Although the concentration of power in superficial layers was most prominent in lower frequencies, it also was present above 10 Hz: 10–100 Hz power in contacts 1–5 (approximate layers I/II) was significantly greater than in contacts 6–23 (Wilcoxon Sign Rank, p < 0.00044). The only consistent exception to this general principal was the concentration of 10–20 Hz power in middle cortical layers (contacts 10–13) noted in several sleep recordings (Fig. 1c–e, Supplementary Fig. 2). This may reflect spindle generators in thalamorecipient layer IV14,15.
We determined if these superficial delta/theta oscillations were synchronized across the cortical surface by measuring their coherence (phase and amplitude consistency) between pairs of ECoG macroelectrode contacts (Fig. 2a). Extending previous findings16, we found that delta and theta band oscillations were highly and significantly coherent across the cortical surface, whereas faster oscillations had progressively less lateral spread during both sleep and wakefulness (Fig. 2a, Supplementary Fig. 4a). Measuring coherence across cortical layers demonstrated a similar profile of maximal synchrony at short distances and slow frequencies (Fig. 2b, Supplementary Fig. 4b) suggesting that slower rhythms mediate spatial integration both across areas and across layers. Although interlayer coherence varied from subject to subject, presumably reflecting differences in the local cortical microcircuits of various areas17, it was consistently significant and maximal in very superficial channels (approximate cortical layers I-II) in the delta/theta band (Fig. 2c, Supplementary Figs 3c, 4c).
We hypothesized that the high amplitude delta/theta in superficial cortical layers generated the laterally coherent rhythms measured with ECoG. This was tested with a multi-scale approach by measuring the coherence between simultaneously recorded laminar and ECoG contacts, allowing us to determine which cortical depth and frequency was most coherent with contacts on the cortical surface (Fig. 3a,b). Confirming our hypothesis, high delta/theta coherence was found between superficial laminar contacts and distant ECoG contacts in both sleep and wake states, maximal in contacts close to the laminar electrode (Fig. 3b, Supplementary Figs 5, 6a). In one subject, we measured the coherence between a depth electrode in the hippocampus and the laminar microelectrode array. Superficial cortical activity was significantly coherent with hippocampal activity in the same delta and theta bands (Fig. 3d,e, Supplementary Fig. 6b), confirming that delta/theta rhythms synchronize hippocampal activity with other brain areas18.
Although we found high coherence between superficial slow rhythms measured by laminar electrodes and widespread slow rhythms measured by ECoG, this doesn’t directly demonstrate that delta/theta activity is synchronous within the superficial layers. Simultaneous recordings from two laminar probes spaced one centimeter apart in each of three patients allowed us to measure the coherence within and between layers of distinct cortical regions. Consistent with the laminar-ECoG results, coherence was maximal and significant between the superficial layers of both areas in the delta and low theta bands (Fig. 3c).
To gain further insight into the possible role of superficial slow rhythms in cortical processing, we used Tort’s Modulation Index19 to investigate whether the phase of slow rhythms in superficial layers modulates the power of faster frequencies in other layers (Fig. 4a,b, Supplementary Fig. 7). Delta phase robustly modulated theta power, with an increase in theta-band power during the falling phase of the ongoing delta rhythm (0 to π radians). Both delta and theta oscillations in superficial layers modulated the power of alpha, beta and gamma oscillations during both sleep and wake states, and the power of these faster oscillations were maximal during the up phase of the spontaneous delta/theta oscillation consistent with previous reports20.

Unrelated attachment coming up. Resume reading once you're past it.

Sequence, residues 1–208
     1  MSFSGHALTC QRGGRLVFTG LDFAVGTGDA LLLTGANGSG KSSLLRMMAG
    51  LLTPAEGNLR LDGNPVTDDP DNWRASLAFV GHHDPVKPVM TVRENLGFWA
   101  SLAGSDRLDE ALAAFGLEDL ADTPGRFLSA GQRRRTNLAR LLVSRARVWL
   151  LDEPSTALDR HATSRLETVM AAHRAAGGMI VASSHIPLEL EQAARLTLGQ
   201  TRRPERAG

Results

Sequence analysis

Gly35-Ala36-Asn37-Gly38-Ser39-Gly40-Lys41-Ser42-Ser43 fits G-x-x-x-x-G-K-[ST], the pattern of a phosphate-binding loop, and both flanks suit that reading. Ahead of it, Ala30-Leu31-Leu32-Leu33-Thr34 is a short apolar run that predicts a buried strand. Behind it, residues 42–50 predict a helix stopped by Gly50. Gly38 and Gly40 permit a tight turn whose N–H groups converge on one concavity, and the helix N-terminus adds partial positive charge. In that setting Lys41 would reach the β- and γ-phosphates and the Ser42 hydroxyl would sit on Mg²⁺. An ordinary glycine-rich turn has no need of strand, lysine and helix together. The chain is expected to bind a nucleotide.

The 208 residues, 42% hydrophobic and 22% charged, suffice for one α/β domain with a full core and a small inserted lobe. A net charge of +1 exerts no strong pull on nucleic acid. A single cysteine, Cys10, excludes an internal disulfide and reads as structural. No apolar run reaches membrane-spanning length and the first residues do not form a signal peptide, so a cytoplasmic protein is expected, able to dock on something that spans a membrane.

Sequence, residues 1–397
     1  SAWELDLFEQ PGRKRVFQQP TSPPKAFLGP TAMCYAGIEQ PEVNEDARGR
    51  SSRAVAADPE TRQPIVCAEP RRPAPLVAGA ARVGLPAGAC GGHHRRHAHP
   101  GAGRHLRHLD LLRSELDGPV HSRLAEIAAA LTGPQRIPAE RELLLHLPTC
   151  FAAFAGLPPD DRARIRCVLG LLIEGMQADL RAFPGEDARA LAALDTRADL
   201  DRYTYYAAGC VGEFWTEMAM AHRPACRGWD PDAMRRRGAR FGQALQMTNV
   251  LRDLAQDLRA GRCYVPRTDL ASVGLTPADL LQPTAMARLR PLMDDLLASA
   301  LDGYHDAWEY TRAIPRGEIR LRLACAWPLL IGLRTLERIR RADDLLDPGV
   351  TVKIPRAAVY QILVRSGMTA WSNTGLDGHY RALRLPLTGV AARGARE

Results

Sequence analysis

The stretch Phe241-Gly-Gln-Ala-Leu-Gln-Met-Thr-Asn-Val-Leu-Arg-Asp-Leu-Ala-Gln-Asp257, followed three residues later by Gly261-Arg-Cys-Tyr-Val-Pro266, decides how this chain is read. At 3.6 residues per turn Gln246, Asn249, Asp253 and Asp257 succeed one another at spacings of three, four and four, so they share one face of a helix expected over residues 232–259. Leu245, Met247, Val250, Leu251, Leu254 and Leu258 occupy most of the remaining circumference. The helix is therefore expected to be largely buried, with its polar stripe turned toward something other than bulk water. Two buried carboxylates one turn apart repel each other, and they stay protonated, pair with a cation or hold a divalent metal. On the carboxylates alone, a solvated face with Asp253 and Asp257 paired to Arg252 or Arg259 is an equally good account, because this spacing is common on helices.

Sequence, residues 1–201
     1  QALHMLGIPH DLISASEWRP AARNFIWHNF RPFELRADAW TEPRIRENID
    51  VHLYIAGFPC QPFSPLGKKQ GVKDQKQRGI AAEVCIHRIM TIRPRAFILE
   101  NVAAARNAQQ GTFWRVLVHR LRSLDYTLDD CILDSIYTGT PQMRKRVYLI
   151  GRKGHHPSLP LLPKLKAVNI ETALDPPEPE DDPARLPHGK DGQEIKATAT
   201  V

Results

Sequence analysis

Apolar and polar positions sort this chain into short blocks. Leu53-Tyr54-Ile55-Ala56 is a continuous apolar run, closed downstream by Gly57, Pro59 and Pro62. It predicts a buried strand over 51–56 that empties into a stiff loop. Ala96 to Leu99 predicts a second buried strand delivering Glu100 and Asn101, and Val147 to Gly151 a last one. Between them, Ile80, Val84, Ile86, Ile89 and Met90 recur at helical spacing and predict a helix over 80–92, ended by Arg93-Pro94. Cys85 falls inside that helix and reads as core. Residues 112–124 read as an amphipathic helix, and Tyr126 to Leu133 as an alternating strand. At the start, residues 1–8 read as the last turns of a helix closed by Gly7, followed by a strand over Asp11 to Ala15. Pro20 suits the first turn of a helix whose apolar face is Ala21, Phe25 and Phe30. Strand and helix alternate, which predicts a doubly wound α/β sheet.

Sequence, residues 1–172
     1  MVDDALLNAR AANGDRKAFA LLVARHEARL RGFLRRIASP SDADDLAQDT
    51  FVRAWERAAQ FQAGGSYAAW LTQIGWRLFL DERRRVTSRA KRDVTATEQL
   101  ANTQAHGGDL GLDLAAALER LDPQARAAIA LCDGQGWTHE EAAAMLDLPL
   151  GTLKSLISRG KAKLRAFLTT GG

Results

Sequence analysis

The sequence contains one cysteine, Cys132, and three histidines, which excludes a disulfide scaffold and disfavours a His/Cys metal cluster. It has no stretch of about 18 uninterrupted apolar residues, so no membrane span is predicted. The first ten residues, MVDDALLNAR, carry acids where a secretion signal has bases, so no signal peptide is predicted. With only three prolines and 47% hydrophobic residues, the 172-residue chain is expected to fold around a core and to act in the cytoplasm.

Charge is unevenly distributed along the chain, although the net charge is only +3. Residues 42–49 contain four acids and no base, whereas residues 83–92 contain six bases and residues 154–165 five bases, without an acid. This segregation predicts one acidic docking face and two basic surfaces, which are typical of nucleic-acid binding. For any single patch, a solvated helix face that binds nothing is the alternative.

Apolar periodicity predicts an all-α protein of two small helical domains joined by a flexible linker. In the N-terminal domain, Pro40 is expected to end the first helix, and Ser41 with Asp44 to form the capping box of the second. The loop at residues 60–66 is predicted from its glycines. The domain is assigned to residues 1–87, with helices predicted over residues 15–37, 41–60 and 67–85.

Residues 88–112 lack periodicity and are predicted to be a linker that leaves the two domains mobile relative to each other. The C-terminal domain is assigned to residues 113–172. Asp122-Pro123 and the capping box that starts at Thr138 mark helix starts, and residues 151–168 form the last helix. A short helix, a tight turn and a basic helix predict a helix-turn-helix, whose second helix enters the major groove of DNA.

Modulation by Cognitive Task
To determine if superficial slow rhythms are modulated by a cognitive task, we used a standard auditory oddball paradigm in which a series of frequent tones, infrequent target tones, and infrequent novel sounds (the latter two referred to as infrequent tones) were presented to 3 participants. We found an evoked response to infrequent stimuli consistently in superficial laminae – the latency, triphasic waveform and frequency (~2 Hz) of the response (Fig. 5a) as well as single trial data (Fig. 5c), leading us to test if the response reflected a phase reset of ongoing slow activity using inter-trial phase clustering (ITPC) in the delta/theta band triggered by stimulus presentation. In two subjects (with laminar probes in the cingulate gyrus) significant ITPC differences were found between frequent and target tones (but not between frequent and novel stimuli), and in a third (laminar probe in the superior temporal gyrus) a significant difference was found between frequent tones and novel auditory stimuli (but not between frequents and infrequent target tones) (p < 0.05, Bonferroni corrected at each channel by time point) (Fig. 5b). This may reflect areal differences in cognitive function. Delta amplitude was not significantly different between conditions in the cingulate leads. In the temporal lead, a significant increase in delta power did occur mostly in deep cortex, but the increase in delta ITPC as well as the time-domain response were predominantly supragranular. This is consistent with the evoked response being due to a phase-reset rather than an additive response21,22. Complete single subject results and significances are plotted in Supplementary Fig. 8.